What Determines Whether an Employee Gets Unemployment?

Gina Deveney
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Two cases regarding unemployment benefits made news in the first half of 2015. One, from Indiana, centered upon just cause for an employee's firing based on a company's sexual harassment policy. The second, in Minnesota, dealt with the distinction between retirement and unemployment. Both cases litigated to a state court of appeals.

The Indiana Court of Appeals overturned an unemployment decision made by an administrative law judge with the Indiana Department of Workforce Development. An employee with Advanced Correctional Healthcare, Inc. was fired after 18 months on a job when five co-workers complained about his inappropriate comments. The company investigated and found 12 instances of sexual harassment.

The Indiana Department of Workforce Development originally determined the fired employee did not deserve unemployment benefits because he was terminated with just cause. The former employee appealed, and the decision was overturned. The health care company appealed that decision and won. The former employee asserted the co-workers neither heard nor were offended by the comments.

The appeals court concluded that it did not matter whether the co-workers failed to hear the comments. If the employee knowingly violated the uniformly applied sexual harassment policy, which he signed, he was fired justly and is not entitled to unemployment benefits.

The second case stemmed from a woman who claimed she did not officially file for retirement in writing, even though her company threw her a huge party on her last day of work. The employee worked for a religious health care company as a nurse and told co-workers, over the course of a couple of years, she wanted to retire and move to another city to live closer to family.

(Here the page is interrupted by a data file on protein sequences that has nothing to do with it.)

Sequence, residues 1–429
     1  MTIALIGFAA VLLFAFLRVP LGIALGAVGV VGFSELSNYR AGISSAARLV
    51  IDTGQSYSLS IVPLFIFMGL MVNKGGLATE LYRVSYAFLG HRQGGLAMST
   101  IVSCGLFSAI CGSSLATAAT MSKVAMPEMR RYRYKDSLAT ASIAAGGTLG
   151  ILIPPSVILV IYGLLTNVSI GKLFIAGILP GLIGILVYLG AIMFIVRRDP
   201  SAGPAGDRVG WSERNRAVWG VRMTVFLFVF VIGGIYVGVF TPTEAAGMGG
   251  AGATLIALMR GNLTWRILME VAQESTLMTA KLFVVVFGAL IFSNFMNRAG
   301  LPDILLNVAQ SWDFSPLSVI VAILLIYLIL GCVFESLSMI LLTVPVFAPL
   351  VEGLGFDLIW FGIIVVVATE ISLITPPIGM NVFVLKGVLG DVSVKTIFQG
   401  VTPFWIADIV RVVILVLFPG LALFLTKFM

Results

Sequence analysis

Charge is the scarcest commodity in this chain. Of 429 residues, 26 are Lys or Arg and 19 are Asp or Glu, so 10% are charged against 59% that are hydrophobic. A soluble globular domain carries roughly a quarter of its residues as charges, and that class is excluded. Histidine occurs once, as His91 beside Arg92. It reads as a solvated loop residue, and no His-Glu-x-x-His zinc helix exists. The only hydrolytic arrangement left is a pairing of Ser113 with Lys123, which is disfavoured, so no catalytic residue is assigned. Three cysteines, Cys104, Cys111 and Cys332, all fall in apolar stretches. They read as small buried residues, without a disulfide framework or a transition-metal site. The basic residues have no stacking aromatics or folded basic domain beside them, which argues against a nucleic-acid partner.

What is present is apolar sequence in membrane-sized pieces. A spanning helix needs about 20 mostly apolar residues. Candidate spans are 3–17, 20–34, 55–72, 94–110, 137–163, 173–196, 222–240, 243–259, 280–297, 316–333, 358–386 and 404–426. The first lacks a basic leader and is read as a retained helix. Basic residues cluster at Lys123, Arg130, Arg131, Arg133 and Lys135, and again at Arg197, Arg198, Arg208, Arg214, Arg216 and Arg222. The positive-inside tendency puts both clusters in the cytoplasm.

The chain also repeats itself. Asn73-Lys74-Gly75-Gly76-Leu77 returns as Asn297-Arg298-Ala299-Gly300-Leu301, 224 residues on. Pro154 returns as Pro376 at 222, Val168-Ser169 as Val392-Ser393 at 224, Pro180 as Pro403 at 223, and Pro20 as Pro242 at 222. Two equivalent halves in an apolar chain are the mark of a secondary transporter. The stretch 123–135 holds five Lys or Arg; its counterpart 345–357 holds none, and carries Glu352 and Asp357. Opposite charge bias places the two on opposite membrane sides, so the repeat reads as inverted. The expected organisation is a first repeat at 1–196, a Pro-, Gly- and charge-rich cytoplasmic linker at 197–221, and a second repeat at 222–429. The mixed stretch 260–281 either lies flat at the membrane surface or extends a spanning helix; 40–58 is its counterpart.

She discussed the proposition with human resources and even delayed her retirement by two months. Within a week after her last the day, the retiree filed for unemployment benefits in Minnesota and claimed the company unjustly fired her. The state's court of appeals upheld that the former employee willingly quit her job and was not eligible to receive benefits.

State laws require companies to carry unemployment insurance. Some jurisdictions supply unemployment benefits for six months, while others have shorter time frames. The requirements to receive benefits vary. Some states make recipients look for work while receiving benefits, while others only provide unemployment benefits to workers leaving a full-time job.

The main idea behind unemployment remains providing cash assistance to people who, through no fault of their own, lose their jobs. When companies fire someone for violating a company policy, that person typically does not receive benefits.

The American economy recovered from the economic downturn of 2007 and 2008, so unemployment benefits are less of an issue in 2015. However, companies and employees should still remain aware of how unemployment works based on the special, litigated circumstances observed earlier in the year.

Photo courtesy of pakorn at FreeDigitalPhotos.net



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